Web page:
When I started my ride MJ's back and loins felt sensitive. Debbie told me they had used him for lessons. I was so glad that I could put my Fenwick Western saddle pad that covers the loin on him, plus the BOT exercise sheet for his croup. At least moving around his muscles can get comfortably warm and relax somewhat. I got myself into my half-seat so he would not have to deal with my seat bones, used my lower legs to encourage extending some, and his back finally started “swinging”. Then I did some turns in place. I thought about backing up but his back had been so stiff I decided not too, and Debbie agreed since his back always seems to stiffen up after I back him up.

Then I trotted. Even though I felt really wonky physically I was able to trot three times as long as usual, then I remembered I wanted to do a change of direction at the trot so we trotted some more. Debbie praised my change of direction, how I turned my head first with my shoulders following it which got the rest of my body in the proper position to help MJ through the turn. I made good and sure to have my lower legs ready for when he wanted to slow down, because after all the bit had moved in his mouth, that MUST mean I want him to slow down—uh, no MJ, you need to go on trotting.

After that I was just too tired to do much more, and anyway my thirty minutes were up.

Over the last few rides I have been playing with doing a leg yield, with less than satisfactory results. So I hit my equitation books, and I remembered one, “The Art of Training” by Hans von Blixen-Finecke who got trained in the Swedish Army Equitation School, becoming the Commandant there and competing in Sweden and internationally. By the time he wrote this book he had been training horses and riders for 60 years, so he had a lot of experience! He has a slightly different way of giving aids with the lower legs than the method I had learned, he names two “buttons”, the hind leg button maybe an inch or two behind the girth and the foreleg button with the leg right on the girth, just a few inches difference, with the leg resting in between these “buttons” right behind the girth for the driving/restraining leg aids.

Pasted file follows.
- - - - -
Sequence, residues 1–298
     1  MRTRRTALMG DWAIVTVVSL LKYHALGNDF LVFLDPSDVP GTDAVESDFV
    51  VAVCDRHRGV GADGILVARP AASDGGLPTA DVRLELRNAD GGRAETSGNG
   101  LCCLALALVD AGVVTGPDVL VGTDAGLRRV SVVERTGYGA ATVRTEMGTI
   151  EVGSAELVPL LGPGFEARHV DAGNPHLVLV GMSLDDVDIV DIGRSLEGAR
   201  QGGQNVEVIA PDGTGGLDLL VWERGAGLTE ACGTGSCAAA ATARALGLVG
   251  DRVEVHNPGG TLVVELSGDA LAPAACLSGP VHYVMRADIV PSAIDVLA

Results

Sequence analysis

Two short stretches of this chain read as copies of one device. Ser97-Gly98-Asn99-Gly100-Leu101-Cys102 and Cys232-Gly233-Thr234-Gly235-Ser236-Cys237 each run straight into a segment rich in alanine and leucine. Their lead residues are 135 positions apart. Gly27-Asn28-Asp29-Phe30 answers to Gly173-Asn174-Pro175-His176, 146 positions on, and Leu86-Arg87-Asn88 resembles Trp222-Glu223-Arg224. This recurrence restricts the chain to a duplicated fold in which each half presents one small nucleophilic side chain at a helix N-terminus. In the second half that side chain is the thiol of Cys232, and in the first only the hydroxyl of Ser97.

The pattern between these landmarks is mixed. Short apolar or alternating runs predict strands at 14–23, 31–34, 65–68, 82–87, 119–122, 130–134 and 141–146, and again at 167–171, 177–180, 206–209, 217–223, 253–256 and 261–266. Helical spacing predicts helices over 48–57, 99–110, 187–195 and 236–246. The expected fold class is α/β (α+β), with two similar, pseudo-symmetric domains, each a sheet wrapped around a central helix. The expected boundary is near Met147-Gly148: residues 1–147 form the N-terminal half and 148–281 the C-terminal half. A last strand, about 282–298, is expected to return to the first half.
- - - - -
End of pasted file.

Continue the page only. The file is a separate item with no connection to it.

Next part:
I had gotten this book years ago, but with my MS I could not really figure out how to tell where my feet were in relation to his side, and besides my lower leg seemed to be permanently too far back. Then I reread Chamberlin's book and figured out that I needed to keep some tension in my rectus femoris muscle on the front of my thigh, and that enabled me to keep my feet and lower legs where they belonged for proper riding. Right now I am thinking that if I use just a little bit more tension in this muscle that my foot would get far enough forward to his the foreleg button, then I could relax the muscle to get my foot back into the neutral position. I hope this method would not leave me guessing where my foot hits the horse's side. Maybe this would work better for me, and I am thinking about trying it my next ride. What I am doing now, using my leg at the neutral position, ends up with a very crooked leg yield even though MJ does cross his legs. I'll let you all know if this works though it may take a while for me to get coordinated enough to teach MJ this “new” method of signaling.

Have a great ride!

Jackie Cochran